The authors suggest that manure and waste pits should be identified as confined spaces; manure and waste systems should be constructed in a manner that would allow maintenance to be performed on all serviceable components from outside the pits; manure waste systems should be equipped with some type of power ventilation system; manure storage or pits should never be entered unless absolutely necessary; entrances to waste pits should be covered by a grate-like cover; farm employees must be instructed never to enter a manure pit, or any other confined space to attempt a rescue operation, without proper consideration of their own safety and the appropriate equipment to conduct the rescue; and, manufacturers of equipment designed for manure waste pit systems should include warnings on the hazards associated with these systems.

Animal behavior is a good indicator of the possibility of manure gas
build up. If animals are quiet and sluggish, this can indicate the
presence of toxic manure gases and the facility should be ventilated

Other suggestions include limiting or restricting access through fencing, placing sufficient ‘danger’ or ‘warning’ signage in the vicinity of confined spaces, using air monitoring equipment and maintaining adequate ventilation. -end-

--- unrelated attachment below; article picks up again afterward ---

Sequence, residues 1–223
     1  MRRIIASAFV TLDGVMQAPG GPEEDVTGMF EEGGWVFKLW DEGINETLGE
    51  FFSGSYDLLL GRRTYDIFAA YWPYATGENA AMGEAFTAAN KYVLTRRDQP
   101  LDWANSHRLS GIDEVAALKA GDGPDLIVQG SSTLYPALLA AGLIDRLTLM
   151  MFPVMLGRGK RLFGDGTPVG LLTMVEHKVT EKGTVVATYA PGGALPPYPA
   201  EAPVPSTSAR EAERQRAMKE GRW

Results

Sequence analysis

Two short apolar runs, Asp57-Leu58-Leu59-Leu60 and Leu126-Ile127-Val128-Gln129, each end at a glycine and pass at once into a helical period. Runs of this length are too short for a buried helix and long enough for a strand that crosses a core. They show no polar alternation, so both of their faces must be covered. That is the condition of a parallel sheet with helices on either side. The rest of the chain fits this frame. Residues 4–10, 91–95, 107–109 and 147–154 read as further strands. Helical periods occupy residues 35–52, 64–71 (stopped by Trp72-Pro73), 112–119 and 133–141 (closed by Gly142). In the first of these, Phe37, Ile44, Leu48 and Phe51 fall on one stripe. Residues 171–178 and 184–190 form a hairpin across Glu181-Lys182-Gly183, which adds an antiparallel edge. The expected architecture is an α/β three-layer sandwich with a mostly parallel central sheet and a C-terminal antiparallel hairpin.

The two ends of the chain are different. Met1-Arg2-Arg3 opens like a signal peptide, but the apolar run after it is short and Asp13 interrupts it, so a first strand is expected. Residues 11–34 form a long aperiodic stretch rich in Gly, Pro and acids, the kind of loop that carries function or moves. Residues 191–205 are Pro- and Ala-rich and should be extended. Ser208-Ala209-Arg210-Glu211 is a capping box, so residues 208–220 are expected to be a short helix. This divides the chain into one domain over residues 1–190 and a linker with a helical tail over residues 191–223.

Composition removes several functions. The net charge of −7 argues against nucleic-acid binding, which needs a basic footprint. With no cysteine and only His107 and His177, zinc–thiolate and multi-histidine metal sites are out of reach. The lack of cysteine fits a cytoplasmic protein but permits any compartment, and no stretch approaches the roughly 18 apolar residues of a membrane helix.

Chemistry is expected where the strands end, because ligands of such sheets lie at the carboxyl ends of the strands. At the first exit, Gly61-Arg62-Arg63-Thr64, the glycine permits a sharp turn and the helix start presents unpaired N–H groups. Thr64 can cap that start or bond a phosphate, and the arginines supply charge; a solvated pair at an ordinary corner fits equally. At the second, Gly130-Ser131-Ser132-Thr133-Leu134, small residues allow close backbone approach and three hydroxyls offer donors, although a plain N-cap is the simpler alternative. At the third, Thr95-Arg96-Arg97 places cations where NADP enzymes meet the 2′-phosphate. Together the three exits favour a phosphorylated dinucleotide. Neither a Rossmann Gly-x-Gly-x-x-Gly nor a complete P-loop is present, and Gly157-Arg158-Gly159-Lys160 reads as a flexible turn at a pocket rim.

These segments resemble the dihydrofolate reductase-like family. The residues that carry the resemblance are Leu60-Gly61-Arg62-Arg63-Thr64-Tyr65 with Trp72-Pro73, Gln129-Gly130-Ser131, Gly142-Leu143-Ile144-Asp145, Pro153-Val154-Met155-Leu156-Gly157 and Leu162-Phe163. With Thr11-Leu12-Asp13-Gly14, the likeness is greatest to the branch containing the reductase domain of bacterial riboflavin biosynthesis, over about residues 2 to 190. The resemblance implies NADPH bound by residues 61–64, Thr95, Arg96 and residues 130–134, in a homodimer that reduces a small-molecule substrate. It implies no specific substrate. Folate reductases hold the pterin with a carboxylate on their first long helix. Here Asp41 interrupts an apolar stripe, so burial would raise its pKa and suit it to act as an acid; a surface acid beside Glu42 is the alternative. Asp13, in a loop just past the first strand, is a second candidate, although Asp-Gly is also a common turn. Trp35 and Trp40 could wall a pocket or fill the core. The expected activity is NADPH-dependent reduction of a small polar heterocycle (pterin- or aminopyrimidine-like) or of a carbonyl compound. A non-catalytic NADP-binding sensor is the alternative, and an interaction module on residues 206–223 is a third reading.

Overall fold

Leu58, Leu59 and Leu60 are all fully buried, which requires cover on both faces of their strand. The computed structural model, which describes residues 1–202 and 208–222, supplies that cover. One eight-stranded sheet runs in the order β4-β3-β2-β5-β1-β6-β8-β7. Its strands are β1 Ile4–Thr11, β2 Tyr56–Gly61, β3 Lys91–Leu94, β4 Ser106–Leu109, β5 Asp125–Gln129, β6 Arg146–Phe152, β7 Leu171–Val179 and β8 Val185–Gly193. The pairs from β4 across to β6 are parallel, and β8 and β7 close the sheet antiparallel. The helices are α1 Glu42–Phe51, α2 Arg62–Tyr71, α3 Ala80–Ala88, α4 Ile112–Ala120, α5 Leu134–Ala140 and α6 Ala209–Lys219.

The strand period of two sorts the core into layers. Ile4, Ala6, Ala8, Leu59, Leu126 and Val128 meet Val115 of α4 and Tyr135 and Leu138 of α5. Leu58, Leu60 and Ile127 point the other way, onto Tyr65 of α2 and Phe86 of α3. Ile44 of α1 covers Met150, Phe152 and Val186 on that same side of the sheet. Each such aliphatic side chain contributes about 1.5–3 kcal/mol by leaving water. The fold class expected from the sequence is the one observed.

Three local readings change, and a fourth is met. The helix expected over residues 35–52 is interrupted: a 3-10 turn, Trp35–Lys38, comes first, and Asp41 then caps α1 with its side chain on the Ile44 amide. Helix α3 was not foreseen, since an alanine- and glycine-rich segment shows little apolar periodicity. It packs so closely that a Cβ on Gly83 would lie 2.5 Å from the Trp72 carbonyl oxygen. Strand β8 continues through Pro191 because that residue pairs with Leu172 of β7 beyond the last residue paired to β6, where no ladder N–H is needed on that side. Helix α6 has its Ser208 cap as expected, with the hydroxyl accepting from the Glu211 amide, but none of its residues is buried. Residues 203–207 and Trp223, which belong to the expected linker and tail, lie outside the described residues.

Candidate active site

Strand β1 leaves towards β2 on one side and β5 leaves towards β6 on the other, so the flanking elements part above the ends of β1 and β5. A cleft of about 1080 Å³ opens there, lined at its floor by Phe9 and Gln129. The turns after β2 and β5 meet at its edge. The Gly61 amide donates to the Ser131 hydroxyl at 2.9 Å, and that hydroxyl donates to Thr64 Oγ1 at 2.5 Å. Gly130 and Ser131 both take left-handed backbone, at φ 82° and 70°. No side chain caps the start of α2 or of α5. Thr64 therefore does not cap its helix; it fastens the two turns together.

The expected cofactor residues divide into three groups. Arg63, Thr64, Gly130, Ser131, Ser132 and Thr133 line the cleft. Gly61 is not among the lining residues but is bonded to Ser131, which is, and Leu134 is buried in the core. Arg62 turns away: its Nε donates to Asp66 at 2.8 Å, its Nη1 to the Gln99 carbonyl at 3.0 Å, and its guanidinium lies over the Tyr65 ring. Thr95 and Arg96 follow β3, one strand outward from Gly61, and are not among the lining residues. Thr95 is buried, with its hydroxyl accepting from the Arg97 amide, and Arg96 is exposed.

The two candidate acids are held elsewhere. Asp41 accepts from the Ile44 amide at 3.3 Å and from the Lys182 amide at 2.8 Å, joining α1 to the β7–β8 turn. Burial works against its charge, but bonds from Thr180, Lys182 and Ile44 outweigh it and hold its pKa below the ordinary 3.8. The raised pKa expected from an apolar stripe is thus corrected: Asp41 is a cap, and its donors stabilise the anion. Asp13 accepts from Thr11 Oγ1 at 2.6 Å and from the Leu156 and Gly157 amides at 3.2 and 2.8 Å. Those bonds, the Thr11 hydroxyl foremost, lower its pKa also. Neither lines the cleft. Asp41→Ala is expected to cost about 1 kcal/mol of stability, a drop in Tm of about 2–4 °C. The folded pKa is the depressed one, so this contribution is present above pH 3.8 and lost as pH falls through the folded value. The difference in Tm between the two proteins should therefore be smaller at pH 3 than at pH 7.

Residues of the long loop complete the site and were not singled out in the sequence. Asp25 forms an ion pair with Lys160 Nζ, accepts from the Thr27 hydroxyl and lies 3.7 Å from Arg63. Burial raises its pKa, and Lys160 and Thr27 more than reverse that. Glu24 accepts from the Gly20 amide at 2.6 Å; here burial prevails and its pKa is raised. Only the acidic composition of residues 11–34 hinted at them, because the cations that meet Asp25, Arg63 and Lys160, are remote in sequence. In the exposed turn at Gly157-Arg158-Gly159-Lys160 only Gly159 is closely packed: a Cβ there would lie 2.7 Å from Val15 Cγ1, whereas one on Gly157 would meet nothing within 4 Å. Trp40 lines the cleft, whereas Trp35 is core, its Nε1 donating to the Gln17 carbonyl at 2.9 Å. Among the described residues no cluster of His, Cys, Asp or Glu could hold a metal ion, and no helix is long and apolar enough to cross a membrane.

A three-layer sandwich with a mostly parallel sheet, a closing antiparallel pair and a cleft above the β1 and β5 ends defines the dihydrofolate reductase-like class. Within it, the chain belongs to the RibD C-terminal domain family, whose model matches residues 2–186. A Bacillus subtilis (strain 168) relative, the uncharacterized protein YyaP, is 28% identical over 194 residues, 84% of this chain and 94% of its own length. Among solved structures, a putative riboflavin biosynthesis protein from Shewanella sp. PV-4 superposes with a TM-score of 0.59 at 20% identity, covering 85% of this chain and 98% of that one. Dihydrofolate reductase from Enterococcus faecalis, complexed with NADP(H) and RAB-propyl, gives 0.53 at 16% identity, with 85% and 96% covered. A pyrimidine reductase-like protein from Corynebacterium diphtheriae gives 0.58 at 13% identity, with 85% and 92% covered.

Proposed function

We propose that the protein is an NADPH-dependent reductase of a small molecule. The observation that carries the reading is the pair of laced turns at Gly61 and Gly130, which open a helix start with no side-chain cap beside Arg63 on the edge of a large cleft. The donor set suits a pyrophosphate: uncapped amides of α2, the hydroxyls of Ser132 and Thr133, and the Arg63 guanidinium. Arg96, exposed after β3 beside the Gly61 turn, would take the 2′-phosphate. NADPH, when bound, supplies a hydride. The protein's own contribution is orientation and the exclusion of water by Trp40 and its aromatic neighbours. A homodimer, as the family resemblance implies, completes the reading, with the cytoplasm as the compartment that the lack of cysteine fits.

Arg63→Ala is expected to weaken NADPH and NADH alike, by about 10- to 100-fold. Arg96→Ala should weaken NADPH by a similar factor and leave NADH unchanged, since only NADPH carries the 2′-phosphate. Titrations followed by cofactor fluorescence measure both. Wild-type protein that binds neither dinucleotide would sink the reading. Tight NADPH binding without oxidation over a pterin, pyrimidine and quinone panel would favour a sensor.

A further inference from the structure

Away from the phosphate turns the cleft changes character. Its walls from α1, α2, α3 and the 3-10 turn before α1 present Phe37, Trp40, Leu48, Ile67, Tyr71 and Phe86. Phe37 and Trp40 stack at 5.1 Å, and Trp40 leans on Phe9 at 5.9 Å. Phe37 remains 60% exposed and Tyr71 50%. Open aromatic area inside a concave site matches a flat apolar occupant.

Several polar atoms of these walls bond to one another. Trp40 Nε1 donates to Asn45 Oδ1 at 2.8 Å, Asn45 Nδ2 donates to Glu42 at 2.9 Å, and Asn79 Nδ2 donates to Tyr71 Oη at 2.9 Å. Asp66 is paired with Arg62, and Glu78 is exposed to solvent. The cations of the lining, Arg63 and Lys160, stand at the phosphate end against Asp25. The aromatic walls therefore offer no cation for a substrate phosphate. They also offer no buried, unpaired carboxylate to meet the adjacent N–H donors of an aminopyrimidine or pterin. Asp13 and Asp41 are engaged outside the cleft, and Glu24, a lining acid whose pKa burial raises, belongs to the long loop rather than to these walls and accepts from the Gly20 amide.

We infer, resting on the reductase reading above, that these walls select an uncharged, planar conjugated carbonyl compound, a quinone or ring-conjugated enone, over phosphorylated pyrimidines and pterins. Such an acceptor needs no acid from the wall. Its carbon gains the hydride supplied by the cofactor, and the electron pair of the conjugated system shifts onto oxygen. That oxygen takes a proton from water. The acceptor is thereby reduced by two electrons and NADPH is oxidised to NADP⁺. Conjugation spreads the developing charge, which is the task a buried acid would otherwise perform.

Manure storage safety procedures

Avoid entering manure storage areas if at all possible. Many deaths have occurred when people entered manure storage areas without proper safety precautions. If you must enter a manure storage area, the following confined space entry procedures will minimize, but not eliminate the risks.

  • Never enter a manure pit during or just after agitation because there is always the possibility of deadly concentration of this gas. Plumbing and pumping equipment should be installed so that it can be easily removed for repairs. Before agitation, take steps to ensure the welfare of the animals and people working in the area.